1434: The Year a Chinese Fleet Sailed to Italy and Ignited the Renaissance

1434: The Year a Chinese Fleet Sailed to Italy and Ignited the Renaissance

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By (author) Gavin Menzies

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  • Publisher: Harper
  • Format: Paperback | 416 pages
  • Dimensions: 128mm x 194mm x 34mm | 440g
  • Publication date: 30 April 2009
  • Publication City/Country: London
  • ISBN 10: 0007269552
  • ISBN 13: 9780007269556
  • Illustrations note: Illustrations
  • Sales rank: 47,688

Product description

In his bestselling book 1421:The Year China Discovered the World, Gavin Menzies revealed that it was the Chinese that discovered America, not Columbus. Now he presents further astonishing evidence that it was also Chinese advances in science, art, and technology that formed the basis of the European Renaissance and our modern world. In his bestselling book 1421: The Year China Discovered the World, Gavin Menzies presented controversial and compelling evidence that Chinese fleets beat Columbus, Cook and Magellan to the New World. But his research has led him to astonishing new discoveries that Chinese influence on Western culture didn't stop there. Until now, scholars have considered that the Italian Renaissance - the basis of our modern Western world - came about as a result of a re-examining the ideas of classical Greece and Rome. A stunning reappraisal of history is about to be published. Gavin Menzies makes the startling argument that a sophisticated Chinese delegation visited Italy in 1434, sparked the Renaissance, and forever changed the course of Western civilization. After that date the authority of Aristotle and Ptolemy was overturned and artistic conventions challenged, as was Arabic astronomy and cartography. Florence and Venice of the 15th century attracted traders from across the world. Menzies presents astonishing evidence that a large Chinese fleet, official ambassadors of the Emperor, arrived in Tuscany in 1434 where they met with Pope Eugenius IV in Florence. A mass of information was given by the Chinese delegation to the Pope and his entourage - concerning world maps (which Menzies argues were later given to Columbus), astronomy, mathematics, art, printing, architecture, steel manufacture, civil engineering, military machines, surveying, cartography, genetics, and more. It was this gift of knowledge that sparked the inventiveness of the Renaissance - Da Vinci's inventions, the Copernican revolution, Galileo, etc. Following 1434, Europeans embraced Chinese intellectual ideas, discoveries, and inventions, which formed the basis of European civilization just as much as Greek thought and Roman law. In short, China provided the spark that set the Renaissance ablaze.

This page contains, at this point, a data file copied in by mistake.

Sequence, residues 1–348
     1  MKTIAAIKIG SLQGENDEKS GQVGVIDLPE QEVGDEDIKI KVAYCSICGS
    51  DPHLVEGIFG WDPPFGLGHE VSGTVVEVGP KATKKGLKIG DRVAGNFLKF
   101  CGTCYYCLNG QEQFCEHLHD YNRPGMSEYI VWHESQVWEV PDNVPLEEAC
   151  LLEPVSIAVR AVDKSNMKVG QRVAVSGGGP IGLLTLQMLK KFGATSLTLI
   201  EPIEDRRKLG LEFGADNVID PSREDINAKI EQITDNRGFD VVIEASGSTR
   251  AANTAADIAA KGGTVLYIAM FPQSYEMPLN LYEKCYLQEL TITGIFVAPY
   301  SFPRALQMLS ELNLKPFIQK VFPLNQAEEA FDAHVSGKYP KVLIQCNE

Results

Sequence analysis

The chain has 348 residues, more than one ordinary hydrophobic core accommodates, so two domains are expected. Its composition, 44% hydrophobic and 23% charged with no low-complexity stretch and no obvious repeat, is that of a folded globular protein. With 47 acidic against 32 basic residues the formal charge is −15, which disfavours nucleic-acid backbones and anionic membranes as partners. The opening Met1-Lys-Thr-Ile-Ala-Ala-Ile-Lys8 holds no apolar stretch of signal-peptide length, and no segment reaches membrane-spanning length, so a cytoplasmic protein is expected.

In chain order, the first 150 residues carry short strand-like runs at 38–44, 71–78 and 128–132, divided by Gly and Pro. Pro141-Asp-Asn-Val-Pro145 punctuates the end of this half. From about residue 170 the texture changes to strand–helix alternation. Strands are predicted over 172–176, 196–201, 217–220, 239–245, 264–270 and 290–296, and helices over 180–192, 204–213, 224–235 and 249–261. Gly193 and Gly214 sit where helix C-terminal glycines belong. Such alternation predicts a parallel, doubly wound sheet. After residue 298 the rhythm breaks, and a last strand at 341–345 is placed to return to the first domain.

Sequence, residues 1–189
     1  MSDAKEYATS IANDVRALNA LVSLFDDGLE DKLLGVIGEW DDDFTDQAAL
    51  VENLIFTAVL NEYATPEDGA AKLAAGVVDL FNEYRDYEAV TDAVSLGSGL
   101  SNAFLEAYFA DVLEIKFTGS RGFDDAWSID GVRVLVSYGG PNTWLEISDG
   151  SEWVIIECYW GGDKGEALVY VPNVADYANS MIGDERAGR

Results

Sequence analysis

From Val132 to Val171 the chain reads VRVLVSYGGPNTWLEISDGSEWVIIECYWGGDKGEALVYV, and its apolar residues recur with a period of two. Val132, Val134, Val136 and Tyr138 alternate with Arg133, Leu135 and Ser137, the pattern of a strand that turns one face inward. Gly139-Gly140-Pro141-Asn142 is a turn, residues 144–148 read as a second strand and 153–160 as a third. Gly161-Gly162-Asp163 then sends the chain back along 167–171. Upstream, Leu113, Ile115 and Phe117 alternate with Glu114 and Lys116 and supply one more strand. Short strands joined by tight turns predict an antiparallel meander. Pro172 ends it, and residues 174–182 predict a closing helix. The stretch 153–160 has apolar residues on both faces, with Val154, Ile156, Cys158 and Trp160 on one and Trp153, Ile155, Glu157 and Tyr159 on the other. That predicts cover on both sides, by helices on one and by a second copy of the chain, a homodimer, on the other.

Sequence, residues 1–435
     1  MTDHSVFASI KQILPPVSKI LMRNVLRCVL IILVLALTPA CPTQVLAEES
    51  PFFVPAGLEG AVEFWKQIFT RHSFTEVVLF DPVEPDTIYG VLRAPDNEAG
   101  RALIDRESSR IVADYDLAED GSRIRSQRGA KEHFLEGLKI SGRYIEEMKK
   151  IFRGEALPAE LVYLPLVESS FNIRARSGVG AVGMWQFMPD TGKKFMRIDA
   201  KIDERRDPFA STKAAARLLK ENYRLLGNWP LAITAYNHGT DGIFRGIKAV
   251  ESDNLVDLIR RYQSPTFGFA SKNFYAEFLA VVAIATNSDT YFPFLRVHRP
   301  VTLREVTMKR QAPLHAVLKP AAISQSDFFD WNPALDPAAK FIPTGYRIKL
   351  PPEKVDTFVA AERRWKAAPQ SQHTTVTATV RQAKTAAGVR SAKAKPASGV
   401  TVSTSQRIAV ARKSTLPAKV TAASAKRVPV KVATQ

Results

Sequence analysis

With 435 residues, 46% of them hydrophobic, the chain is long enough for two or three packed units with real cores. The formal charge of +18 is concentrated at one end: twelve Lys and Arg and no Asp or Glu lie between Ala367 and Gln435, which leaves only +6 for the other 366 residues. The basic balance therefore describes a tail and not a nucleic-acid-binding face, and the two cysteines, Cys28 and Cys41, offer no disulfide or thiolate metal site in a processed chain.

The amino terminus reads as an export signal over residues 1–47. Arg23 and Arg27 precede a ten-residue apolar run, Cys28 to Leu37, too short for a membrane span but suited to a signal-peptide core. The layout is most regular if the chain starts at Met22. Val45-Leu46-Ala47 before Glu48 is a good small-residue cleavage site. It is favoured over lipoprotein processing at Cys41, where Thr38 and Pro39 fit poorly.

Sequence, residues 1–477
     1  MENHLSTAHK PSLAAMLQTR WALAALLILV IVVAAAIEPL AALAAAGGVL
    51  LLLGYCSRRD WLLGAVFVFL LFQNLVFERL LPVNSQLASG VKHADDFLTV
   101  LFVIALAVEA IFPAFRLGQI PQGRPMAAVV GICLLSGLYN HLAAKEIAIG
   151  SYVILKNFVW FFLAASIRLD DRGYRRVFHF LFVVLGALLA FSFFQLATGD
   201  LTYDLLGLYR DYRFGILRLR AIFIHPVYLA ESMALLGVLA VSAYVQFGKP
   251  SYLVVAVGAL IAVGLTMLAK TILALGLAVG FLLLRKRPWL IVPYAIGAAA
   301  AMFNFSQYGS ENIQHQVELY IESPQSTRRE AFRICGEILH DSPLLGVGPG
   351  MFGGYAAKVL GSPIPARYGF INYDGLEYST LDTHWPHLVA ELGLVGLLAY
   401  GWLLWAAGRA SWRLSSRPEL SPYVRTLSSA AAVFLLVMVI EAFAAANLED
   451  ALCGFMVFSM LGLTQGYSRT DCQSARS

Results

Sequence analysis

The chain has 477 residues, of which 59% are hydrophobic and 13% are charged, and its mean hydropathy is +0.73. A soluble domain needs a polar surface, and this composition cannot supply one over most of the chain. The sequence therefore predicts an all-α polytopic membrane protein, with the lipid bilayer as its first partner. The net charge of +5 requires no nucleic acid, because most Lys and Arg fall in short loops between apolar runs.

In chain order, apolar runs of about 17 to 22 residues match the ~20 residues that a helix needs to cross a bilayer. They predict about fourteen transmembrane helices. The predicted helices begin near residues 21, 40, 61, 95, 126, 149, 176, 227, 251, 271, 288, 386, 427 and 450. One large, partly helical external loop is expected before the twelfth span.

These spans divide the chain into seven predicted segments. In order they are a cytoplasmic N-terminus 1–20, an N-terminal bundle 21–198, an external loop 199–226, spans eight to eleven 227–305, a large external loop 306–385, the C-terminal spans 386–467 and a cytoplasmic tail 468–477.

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Author information

The author of 1421: The Year China Discovered America, Gavin Menzies was born in 1937 and lived in China for two years before the Second World War. He joined the Royal Navy in 1953 and served in submarines from 1959 to 1970. Since leaving the Royal Navy, he has returned to China and the Far East many times and in the course of researching 1421 he has visited 120 countries, over 900 museums and libraries and every major sea port of the late Middle Ages. Menzies is married with two daughters and lives in North London.

Review quote

'Menzies has come up with something entirely new...it is a startling claim.' Guardian